Regional Reviews: Florida - Southern
A Life In The Theatre
Executive Artistic Director
Also see other installments:
Choreographer | Director of Marketing | The Sound Designer | Associate Producer & Company Manager | Scenic Designer | Director of Volunteers | Director of Education | Director | Stage Manager | Performing Arts Fundraiser | Costume Designer |
Those who stand in the spotlight on stage as the curtain is raised owe much to the talents and hard work of the many who make that moment possible. This interview is an installment in a series of interviews with South Florida professionals in non-performing theatre careers. Hopefully, these interviews will serve not only to illuminate and entertain, but to inspire those with a love of theatre to explore the possibilities some of these careers might hold for them. Truly "a life in the theatre" need not be one that is lived only on stage.
Inside Out Theatre's Triptych
Sandy Ives, Kim Morgan Dean, Lisa Morgan
The Inside Out Theatre Company is a 501(C)3 not-for-profit organization hiring local Equity and non-union actors and actresses. In addition to their shows at the Museum of Art at One East Las Olas Boulevard in Ft. Lauderdale, they have extensive shows and classes for children, including a teen touring group. For information on the theatre and for tickets you may reach them by calling 954-385-3060, or online at www.insideouttheatre.org. Their mailing address is P.O. Box 267355, Ft. Lauderdale, FL 33326.
Executive Artistic Director of the Inside Out Theatre Company, Inc., Robin Braun, holds a BFA in Theatre/Performance and an Master of Education in Mental Health and School Counseling. She has extensive training as an actress, singer, dancer; and has worked professionally in San Francisco and Chicago. Robin worked with the Imagination Theatre in Chicago where she toured the inner-city schools with Touch and No Easy Answers, a sexual abuse prevention program for elementary and high school students The experience was a catalyst for returning to school for her master's degree.
Before founding the Inside Out Theatre, Robin did a variety of counseling and teaching work. She was a founding member of The Popcorn Theatre, an interactive children's theatre in Weston, Florida. Dedicated to building arts in the community, Robin also currently serves as a Vice President of the Arts Council of Greater Weston.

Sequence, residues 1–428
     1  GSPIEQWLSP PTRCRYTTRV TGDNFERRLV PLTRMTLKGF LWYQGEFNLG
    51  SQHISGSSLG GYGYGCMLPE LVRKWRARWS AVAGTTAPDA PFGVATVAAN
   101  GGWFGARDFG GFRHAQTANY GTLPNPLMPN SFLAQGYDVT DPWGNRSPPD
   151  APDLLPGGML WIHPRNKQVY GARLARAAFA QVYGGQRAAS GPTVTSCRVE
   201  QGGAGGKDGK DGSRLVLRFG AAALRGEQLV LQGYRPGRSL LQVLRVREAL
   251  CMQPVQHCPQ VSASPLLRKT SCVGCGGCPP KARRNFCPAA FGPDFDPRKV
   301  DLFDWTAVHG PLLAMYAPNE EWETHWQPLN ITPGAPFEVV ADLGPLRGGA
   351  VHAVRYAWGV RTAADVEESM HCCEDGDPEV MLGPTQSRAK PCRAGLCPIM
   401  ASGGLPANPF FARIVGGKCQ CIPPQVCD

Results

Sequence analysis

John Lariviere: What does an Artistic Director do?
Robin Braun: I can only answer this question if you ask me what I do as the Co-Founder and Executive Artistic Director of Inside Out Theatre Company. In this way, I will tell you I do a little bit of everything. Programs, writing grants and proposals, interfacing with the Board of Directors. Our organization is small in terms of its work force, so my job includes developing programming, hiring and training the staff for our children's funders, teaching children's classes, supervising instructors, writing, creating and directing plays for young people, producing shows, answering phones, box office and accounting, administrative work, marketing and publicity, managing grants and more.
JL: What made you become an Artistic Director?
RB: I'm not sure I ever consciously decided to become an "artistic director." I was driven to create Inside Out Theatre by its mission and its goals, and was very passionate about the power of live theatre and what it could do for its participants and its audiences. At that time, I didn't think about, nor could I imagine, what it would ultimately entail. Sometimes what you plan for your life and what life plans for you can be very different, and it is in this way that I became an Executive Artistic Director.
JL: What experience and training do you have that has best prepared you for all of this?